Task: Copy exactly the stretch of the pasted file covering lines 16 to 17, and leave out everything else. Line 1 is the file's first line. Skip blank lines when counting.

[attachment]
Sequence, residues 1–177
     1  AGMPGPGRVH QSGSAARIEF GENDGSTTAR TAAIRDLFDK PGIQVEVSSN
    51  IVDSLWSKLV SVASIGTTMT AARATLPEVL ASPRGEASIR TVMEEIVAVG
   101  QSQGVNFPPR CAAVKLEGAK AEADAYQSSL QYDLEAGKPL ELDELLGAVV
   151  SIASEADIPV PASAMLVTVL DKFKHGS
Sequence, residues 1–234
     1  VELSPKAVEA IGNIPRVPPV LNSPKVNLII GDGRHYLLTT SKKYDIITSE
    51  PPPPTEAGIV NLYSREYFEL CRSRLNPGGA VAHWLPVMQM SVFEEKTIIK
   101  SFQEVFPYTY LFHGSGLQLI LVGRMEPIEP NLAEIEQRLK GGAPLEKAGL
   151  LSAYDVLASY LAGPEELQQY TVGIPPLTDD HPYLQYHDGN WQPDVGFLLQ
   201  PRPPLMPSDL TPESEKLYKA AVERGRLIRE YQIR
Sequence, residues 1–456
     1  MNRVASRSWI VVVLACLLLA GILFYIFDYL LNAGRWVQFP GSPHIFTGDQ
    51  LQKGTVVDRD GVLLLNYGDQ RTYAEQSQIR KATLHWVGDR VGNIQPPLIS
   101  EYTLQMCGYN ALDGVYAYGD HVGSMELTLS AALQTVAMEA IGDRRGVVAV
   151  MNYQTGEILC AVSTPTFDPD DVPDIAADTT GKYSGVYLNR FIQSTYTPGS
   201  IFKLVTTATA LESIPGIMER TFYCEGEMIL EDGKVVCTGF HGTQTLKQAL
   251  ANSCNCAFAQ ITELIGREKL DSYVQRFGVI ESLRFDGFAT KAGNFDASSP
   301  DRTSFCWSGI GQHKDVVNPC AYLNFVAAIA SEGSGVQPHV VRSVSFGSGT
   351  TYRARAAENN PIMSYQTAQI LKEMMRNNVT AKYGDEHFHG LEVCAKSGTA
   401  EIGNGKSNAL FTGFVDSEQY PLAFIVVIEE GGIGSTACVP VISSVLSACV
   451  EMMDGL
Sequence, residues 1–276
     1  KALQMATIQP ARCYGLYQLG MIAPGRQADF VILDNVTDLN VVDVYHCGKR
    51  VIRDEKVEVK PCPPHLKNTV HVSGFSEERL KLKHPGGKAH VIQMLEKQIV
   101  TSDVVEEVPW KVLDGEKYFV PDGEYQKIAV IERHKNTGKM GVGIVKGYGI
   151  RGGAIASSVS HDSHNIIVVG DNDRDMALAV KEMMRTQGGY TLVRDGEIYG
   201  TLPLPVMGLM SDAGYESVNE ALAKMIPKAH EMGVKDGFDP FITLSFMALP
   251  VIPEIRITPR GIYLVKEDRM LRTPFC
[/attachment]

   151  MNYQTGEILC AVSTPTFDPD DVPDIAADTT GKYSGVYLNR FIQSTYTPGS
   201  IFKLVTTATA LESIPGIMER TFYCEGEMIL EDGKVVCTGF HGTQTLKQAL